Category Archives: News

Methane Gas Concentrations in Gulf of Mexico Quickly Surprises Scientists

methane gulf oil spill
This shows the deployment of the CTD Rosette system for collecting water samples. Photo Source: Texas A&M University and NOAA.

Excerpt from UCSB

Calling the results “extremely surprising,” researchers from the University of California, Santa Barbara and Texas A&M University report that methane gas concentrations in the Gulf of Mexico have returned to near normal levels only months after a massive release occurred following the Deepwater Horizon oil rig explosion…

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Uncontrolled Sand Mining Days Numbered, Namibia

Photograph SAF – Coastal Care

Uncontrolled Sand Mining Days Numbered

Excerpt from AllAfrica, Namibian Press, by Adam Hartman

While sand mining in the Swakop River is a crucial element of coastal development, sand mining companies do seem take advantage of the lack of official control over mining operations.

As reported in the Namibian, “Quarries are also becoming “extremely deep” some having vertical ‘walls’ of 10,5 metres. According to the guidelines, “excavation shall under no circumstances expose the ground water table and shall have slope banks not higher than 4 metros”…

Read Full Article, “Uncontrolled Sand Mining Days Numbered” All’Africa

Read Full Article, “Swakop Sand Miners ‘Doing Their Own Thing’,” November 2010

The Skeleton Coast, Wkipedia

NASA Image, Namibia South Western Coast

Bangladesh Sand to Help Keep the Maldives Afloat

Rising sea, Maldives. Photo courtesy of: © Denis Delestrac


After looking to buy land in other countries, Maldives is making a last-ditch effort to avoid its citizens becoming climate refugees. It is importing sand.

In this endeavour to tackle the effects of global warming, none other than Bangladesh is playing Good Samaritan. Both countries are planning to sign a deal within four months to ship sand to the Maldives. The island nation faces a real threat of being inundated if the sea level rises by even one metro…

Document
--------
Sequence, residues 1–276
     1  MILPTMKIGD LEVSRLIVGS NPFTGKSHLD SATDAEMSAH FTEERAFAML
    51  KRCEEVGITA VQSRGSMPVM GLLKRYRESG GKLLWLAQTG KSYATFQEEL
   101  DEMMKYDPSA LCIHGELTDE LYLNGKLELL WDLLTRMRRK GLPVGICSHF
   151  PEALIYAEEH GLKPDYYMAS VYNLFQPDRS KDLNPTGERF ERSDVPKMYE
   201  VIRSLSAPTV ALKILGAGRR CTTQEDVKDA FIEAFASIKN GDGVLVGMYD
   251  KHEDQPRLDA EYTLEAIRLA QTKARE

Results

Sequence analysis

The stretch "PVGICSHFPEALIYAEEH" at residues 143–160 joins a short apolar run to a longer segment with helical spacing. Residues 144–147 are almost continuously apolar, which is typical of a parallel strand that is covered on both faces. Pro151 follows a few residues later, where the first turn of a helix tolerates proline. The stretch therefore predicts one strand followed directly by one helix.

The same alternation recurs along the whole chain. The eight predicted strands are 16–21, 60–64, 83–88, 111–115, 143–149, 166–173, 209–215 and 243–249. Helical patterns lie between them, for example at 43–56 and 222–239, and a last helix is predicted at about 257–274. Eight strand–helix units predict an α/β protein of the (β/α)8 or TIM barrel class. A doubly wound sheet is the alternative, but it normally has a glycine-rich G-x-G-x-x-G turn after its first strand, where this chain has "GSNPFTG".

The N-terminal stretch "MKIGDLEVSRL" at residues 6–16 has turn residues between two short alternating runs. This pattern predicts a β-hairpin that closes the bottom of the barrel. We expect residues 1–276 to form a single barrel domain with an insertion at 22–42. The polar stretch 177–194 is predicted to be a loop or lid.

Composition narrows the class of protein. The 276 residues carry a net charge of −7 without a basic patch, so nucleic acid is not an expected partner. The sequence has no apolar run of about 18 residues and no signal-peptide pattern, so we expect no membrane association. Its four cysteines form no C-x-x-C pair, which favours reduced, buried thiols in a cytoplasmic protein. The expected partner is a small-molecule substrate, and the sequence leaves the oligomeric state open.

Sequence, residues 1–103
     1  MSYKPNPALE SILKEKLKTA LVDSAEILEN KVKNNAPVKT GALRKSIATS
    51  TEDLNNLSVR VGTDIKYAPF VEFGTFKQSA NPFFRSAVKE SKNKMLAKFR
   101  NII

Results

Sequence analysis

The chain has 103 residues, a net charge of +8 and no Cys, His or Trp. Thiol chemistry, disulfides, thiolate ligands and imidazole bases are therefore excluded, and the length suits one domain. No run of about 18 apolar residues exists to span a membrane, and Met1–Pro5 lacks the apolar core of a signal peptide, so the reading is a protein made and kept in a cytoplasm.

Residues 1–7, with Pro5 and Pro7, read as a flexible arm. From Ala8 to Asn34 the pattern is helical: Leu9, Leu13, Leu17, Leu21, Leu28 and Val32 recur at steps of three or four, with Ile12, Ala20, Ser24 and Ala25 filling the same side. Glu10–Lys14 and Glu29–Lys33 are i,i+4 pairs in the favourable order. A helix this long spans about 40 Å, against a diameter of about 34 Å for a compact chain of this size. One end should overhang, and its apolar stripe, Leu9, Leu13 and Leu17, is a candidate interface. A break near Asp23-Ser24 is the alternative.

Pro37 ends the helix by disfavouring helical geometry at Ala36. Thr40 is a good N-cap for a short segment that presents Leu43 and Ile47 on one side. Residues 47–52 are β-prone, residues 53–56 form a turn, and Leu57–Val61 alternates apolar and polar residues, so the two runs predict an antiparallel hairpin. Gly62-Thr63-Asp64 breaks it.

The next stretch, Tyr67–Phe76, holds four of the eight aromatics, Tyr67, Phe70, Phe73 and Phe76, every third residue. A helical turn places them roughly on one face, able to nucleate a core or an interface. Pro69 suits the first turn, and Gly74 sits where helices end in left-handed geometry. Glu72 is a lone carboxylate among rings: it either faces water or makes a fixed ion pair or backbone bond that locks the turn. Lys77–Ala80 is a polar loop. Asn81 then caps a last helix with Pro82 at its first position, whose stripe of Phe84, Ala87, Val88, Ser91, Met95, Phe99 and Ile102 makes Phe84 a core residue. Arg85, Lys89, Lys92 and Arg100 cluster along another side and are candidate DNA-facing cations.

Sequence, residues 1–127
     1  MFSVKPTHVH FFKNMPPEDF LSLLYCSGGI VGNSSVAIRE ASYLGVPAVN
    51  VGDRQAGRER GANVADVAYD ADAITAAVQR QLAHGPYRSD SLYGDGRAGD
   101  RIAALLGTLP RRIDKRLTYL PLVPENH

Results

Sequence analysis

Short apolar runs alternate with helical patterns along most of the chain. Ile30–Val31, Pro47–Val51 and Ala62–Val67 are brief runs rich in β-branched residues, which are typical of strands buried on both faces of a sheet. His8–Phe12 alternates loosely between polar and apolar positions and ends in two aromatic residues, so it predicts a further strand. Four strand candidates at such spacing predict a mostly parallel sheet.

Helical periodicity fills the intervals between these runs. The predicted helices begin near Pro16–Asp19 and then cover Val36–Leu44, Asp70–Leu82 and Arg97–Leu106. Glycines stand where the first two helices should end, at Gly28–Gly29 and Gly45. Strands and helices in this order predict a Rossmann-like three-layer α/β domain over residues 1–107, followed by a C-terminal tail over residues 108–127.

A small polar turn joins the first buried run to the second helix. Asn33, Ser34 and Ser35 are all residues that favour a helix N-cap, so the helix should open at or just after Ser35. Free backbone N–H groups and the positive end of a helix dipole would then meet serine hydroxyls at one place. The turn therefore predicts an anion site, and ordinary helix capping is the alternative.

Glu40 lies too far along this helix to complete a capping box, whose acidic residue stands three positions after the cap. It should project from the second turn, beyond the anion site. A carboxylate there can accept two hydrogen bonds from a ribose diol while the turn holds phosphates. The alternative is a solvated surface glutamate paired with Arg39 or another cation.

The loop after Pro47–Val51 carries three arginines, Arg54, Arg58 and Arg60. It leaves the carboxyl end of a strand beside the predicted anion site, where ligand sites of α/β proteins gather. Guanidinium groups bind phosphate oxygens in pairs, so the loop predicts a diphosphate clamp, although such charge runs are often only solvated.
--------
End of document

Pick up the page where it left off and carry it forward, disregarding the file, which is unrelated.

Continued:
Read Full Article, Business Standard (12-28-2010)

The Himalayan Times

Bangladesh and Maldives: Sand Export Deal in Sight

Mohamed Nasheed Interviewed by Charles Homans, Foreign Policy Magazine, December 2010
Mohamed Nasheed, president of the climate-change-threatened Maldives, speaks via email with Foreign Policy’s Charles Homans about the difficulty of diplomacy, the promise of protest, and why moving his whole country might be more difficult than he once thought. The Maldivian President Mohamed Nasheed is listed 39th top thinker in the world, in Foreign Policy magazine

Ban on plastic shopping bags, Italy

Plastic bag on beach. Photo source: ©© Kaometet


Italy, one of the top users of plastic shopping bags in Europe, has banned them starting January 1, with retailers warning of chaos and many stores braced for the switch.

Italians use about 20 billion bags a year, more than 330 per person, or about one-fifth of the total used in Europe, according to Italian environmentalist lobby Legambiente…

Original Article, Reuters

Plastic Bag Reduction Around the World

Plastic bag bans around the world, BBC

250 billion plastic fragments in Mediterranean

Photograph: © SAF — Coastal Care


Some 250 billion microscopic pieces of plastic are floating in the Mediterranean, creating a biological hazard that reverberates up the food chain, according to research supported by green campaigners.

The estimate comes from French and Belgian marine biologists who analysed water samples taken in July off France, northern Italy and Spain to a depth of 10-15 centimetres (four to six inches)…

Read Full Article, AFP

Accumulation and fragmentation of plastic debris in global environments, 2009 Study, Ifremer

Yurok indians seek land for a tribal park on the North Pacific Coast

Klamath Rivermouth
Klamath Rivermouth, Del Norte County, Northern California. Photo Source: US Corps of Engineers.


The Klamath River rises in the southeastern part of the U.S. state of Oregon, and flows about 263 miles (423 km) southwest through northern California, cutting through the southern Cascade Range to empty into the Pacific Ocean.

The Yurok were a sedentary coastal hunter/gatherer Pacific Coast Indian nation that relied heavily on fishing. They occupied the valley of the lower Klamath River and the neighboring coast…

Read Full Article, the Los Angeles Times

Yurok Tribe

Russ Rymer

New York Times, Struggling Tribe, Dark Side to a Windfall
The Yurok Indians, the largest tribe in California and one of the poorest.

Decline of West Coast fog brought higher coastal temperatures last 60 years

Photograph: © SAF – Coastal Care


Fog is a common feature along the West Coast, but a University of Washington scientist has found that summertime coastal fog has declined since 1950 while coastal temperatures have increased slightly.

Fog formation appears to be controlled by a high-pressure system normally present off the West Coast throughout the summer, said James Johnstone, a postdoctoral researcher with the Joint Institute for the Study of the Atmosphere and Ocean at the UW…

Original Article,the University of Washington

What’s Outside Counts, Too: European Law and Excess Packaging

Photograph: © SAF — Coastal Care


The citizens of Lincolnshire, England, were so fed up with the layers of plastic and cardboard and Styrofoam that encased their store purchases this fall that they took a high-priced, highly wrapped piece of meat to court…

Read Full Article, The New York Times

Courtauld Commitment 2

Grocery Store taken to court over excess packaging